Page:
Face the Nation transcripts March 10, 2013: Bloomberg, Bush, Van Hollen, Portman

CBS News

(CBS News) Below is a transcript of "Face the Nation" on March 10, 2013, hosted by CBS News' Bob Schieffer. Guests include New York City Mayor Michael Bloomberg, former Florida Governor Jeb Bush, Sen. Rob Portman, R-Ohio, and Rep. Chris Van Hollen, D-Md. Plus, a political roundtable with CBS News Political Director John Dickerson and the Wall Street Journal's Peggy Noonan, and a panel on the search for the next pope, featuring Noonan, The Washington Post's Sally Quinn, Vanity Fair's Carl Bernstein, and author Greg Tobin.

BOB SCHIEFFER: Today on FACE THE NATION, the president launches a charm offensive toward Republicans and it was the talk of the town.

HOUSE SPEAKER JOHN BOEHNER: This week, we've gone 180, now he's going to - after being in office now for four years, he's actually going to sit down and talk to members

SCHIEFFER: But will it work? Can the gridlock be broken? New York Mayor Michael Bloomberg says it's exactly what the president should be doing. We'll talk with two key legislators the president has reached out to: Ohio's Republican Senator Rob Portman and Democratic Congressman Chris Van Hollen of Maryland. Florida's former governor Jeb Bush will tell us his ideas for immigration and whether more revenue is needed to end the budget standoff.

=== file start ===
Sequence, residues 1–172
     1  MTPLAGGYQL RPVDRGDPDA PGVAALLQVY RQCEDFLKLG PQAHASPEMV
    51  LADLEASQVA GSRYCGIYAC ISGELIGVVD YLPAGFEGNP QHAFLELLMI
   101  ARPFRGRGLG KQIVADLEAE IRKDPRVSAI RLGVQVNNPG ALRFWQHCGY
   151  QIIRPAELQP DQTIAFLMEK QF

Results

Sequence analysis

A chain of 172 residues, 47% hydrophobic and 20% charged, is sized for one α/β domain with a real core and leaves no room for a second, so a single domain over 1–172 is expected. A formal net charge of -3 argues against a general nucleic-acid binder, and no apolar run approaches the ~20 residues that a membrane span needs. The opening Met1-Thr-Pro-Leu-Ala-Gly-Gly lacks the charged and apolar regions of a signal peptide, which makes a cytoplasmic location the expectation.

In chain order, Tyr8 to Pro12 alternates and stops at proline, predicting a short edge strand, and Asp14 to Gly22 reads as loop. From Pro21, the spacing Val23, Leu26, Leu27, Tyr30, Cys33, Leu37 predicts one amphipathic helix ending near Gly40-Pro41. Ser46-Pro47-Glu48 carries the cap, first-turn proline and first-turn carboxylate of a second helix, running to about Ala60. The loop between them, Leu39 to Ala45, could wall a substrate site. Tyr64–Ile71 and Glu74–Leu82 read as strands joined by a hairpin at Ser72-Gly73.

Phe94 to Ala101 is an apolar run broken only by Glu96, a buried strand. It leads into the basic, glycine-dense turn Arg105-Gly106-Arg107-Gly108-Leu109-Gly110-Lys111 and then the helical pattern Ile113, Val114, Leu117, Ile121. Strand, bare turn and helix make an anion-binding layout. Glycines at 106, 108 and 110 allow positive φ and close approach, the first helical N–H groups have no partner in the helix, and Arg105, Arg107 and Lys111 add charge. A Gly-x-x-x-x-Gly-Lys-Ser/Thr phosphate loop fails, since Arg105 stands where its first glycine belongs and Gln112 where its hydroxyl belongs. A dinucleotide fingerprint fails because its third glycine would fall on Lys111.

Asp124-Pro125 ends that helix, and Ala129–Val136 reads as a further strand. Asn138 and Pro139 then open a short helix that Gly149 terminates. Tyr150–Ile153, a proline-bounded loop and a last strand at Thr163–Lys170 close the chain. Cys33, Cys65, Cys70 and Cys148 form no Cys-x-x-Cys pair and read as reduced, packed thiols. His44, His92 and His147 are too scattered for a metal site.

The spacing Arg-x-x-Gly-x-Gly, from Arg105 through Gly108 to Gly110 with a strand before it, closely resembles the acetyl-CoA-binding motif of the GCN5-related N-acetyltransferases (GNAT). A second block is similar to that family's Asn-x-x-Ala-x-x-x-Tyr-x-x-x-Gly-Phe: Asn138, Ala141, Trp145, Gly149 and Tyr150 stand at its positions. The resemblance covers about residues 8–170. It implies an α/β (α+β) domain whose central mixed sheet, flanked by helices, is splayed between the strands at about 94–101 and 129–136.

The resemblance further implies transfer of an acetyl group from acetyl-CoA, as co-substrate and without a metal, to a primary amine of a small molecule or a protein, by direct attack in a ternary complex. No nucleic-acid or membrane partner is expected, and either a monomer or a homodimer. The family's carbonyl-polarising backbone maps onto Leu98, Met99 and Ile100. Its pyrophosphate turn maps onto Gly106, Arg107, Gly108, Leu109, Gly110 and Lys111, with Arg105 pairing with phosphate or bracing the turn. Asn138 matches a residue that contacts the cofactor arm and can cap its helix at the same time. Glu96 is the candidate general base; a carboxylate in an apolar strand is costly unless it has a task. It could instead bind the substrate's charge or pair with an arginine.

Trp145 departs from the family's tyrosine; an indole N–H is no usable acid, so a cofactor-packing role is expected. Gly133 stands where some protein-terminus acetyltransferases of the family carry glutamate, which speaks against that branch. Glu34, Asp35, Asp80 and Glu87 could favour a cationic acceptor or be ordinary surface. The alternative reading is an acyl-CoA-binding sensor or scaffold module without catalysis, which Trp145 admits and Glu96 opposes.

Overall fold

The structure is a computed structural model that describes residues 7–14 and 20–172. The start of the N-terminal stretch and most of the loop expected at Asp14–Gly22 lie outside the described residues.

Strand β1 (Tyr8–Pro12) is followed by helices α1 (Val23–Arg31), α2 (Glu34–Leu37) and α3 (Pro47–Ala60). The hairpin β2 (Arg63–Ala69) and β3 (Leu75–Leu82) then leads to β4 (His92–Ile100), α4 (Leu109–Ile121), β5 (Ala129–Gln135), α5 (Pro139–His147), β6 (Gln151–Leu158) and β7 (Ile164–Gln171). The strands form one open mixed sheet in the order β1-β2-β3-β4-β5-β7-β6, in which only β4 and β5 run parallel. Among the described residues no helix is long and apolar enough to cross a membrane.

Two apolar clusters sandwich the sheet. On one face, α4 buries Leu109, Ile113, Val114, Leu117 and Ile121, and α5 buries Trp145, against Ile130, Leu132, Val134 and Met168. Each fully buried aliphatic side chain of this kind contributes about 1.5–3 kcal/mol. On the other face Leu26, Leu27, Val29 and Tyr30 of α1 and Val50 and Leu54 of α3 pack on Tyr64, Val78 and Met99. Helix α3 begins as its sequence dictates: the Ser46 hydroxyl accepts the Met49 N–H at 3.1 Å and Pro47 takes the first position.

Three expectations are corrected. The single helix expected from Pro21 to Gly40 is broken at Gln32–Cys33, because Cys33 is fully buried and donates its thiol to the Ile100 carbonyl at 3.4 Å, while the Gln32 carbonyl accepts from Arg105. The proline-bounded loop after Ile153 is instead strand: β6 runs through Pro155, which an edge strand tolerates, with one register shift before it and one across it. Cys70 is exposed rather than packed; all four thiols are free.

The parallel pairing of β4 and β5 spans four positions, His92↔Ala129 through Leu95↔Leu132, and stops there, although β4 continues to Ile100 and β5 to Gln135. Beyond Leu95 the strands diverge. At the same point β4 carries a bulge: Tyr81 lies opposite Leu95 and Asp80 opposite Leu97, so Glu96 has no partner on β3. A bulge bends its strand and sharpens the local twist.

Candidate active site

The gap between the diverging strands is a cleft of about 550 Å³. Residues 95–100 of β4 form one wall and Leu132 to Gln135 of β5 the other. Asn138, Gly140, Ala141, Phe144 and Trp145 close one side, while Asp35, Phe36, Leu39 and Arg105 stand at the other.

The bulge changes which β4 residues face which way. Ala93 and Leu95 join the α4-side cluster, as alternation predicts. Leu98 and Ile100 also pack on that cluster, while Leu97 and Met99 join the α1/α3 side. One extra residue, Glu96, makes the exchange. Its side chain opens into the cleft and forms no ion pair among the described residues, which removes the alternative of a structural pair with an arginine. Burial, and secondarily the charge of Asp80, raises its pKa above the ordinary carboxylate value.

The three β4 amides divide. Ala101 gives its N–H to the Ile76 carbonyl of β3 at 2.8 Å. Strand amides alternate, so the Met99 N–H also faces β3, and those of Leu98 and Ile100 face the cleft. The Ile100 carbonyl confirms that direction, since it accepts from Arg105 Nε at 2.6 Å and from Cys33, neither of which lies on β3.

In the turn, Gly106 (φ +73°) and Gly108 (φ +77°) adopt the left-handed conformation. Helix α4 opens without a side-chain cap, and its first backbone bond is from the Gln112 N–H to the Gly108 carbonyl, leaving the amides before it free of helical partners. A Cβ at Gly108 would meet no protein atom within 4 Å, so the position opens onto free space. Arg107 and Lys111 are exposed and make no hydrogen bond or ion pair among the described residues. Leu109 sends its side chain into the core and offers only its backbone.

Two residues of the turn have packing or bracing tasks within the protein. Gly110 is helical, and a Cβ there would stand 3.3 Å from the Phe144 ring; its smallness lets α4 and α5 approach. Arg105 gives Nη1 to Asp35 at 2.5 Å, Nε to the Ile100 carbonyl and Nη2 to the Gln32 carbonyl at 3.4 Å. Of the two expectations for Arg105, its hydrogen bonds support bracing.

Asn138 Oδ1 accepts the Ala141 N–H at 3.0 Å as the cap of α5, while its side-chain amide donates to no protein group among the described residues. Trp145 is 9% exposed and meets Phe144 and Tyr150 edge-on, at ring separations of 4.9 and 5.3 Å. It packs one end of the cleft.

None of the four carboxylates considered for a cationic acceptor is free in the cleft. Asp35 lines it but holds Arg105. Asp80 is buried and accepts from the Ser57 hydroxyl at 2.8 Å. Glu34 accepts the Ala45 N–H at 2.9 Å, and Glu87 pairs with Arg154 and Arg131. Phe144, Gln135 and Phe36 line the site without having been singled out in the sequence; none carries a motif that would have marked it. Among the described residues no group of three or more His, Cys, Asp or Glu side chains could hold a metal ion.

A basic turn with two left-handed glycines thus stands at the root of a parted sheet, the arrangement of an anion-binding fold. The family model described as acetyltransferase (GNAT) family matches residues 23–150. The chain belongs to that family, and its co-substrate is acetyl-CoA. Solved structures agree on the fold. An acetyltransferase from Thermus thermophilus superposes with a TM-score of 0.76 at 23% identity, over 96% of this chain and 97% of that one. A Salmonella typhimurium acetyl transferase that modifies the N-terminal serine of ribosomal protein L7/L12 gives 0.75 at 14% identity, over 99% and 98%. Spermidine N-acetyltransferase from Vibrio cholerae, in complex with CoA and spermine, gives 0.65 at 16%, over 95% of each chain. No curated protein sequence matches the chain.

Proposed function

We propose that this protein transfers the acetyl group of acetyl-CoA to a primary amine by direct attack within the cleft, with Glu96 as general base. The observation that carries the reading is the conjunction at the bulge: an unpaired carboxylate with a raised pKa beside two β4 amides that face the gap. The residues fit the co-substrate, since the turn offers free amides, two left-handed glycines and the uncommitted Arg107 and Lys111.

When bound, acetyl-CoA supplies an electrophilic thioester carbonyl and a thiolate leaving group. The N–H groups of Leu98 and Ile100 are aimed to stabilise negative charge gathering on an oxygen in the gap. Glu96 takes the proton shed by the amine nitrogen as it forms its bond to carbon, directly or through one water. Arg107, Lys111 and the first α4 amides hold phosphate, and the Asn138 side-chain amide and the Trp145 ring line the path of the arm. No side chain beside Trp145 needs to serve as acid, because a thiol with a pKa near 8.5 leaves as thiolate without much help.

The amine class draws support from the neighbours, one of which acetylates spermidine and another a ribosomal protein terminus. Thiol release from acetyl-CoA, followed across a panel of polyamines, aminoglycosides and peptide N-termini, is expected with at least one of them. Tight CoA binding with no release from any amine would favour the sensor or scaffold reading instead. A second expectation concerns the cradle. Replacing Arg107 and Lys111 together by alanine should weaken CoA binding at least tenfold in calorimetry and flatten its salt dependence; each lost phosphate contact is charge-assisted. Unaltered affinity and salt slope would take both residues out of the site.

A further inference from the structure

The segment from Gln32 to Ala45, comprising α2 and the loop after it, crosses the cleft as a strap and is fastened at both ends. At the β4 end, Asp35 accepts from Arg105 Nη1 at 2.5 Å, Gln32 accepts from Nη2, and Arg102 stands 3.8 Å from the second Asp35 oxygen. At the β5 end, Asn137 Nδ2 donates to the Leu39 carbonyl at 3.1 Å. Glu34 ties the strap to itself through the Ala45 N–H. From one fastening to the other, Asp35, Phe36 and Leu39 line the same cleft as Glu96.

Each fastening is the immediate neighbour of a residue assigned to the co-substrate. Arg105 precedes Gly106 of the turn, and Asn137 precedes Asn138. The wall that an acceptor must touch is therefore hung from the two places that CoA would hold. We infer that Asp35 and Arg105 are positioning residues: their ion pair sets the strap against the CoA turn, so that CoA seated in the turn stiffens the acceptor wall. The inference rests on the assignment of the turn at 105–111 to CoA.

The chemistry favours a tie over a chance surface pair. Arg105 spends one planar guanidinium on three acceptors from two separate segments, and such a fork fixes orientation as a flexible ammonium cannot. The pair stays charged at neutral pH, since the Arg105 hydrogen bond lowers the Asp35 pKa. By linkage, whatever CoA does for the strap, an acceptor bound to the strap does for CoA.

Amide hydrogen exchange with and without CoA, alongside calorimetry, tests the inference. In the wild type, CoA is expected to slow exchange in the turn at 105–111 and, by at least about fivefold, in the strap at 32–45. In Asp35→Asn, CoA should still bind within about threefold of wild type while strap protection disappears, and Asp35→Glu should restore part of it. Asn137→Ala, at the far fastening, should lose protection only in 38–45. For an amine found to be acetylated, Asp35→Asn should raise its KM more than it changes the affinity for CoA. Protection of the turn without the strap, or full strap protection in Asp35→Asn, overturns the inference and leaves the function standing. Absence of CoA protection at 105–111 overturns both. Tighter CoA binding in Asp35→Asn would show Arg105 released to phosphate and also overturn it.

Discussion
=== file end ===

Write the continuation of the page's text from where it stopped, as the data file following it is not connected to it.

BUSH: I wouldn't say, "No, heck no, and that's it."

SCHIEFFER: And as the cardinals gather in Rome to select a new pope, we'll get analysis on that story and the other news from our political director John Dickerson, the Wall Street Journal's Peggy Noonan, Carl Bernstein of Vanity Fair, Sally Quinn of the Washington Post, and Greg Tobin, author of several books on the papacy, including "The Good Pope." It's all the news about heaven and earth because this is FACE THE NATION.

ANNOUNCER: From CBS News in Washington, FACE THE NATION with Bob Schieffer.

SCHIEFFER: And good morning again. Well, you can agree with him or not, but you can always count on the New York mayor, Michael Bloomberg, to answer the questions, which is what he did in our wide- ranging interview. He vowed to continue his fight for better gun laws and defended his ban on big, sugary drinks. But we start with his thoughts on the sequester and the president's charm offensive.

BLOOMBERG: Bob, you know, I think it was Winston Churchill that once said, "You can always depend on America to do the right thing after exhausting all other possibilities."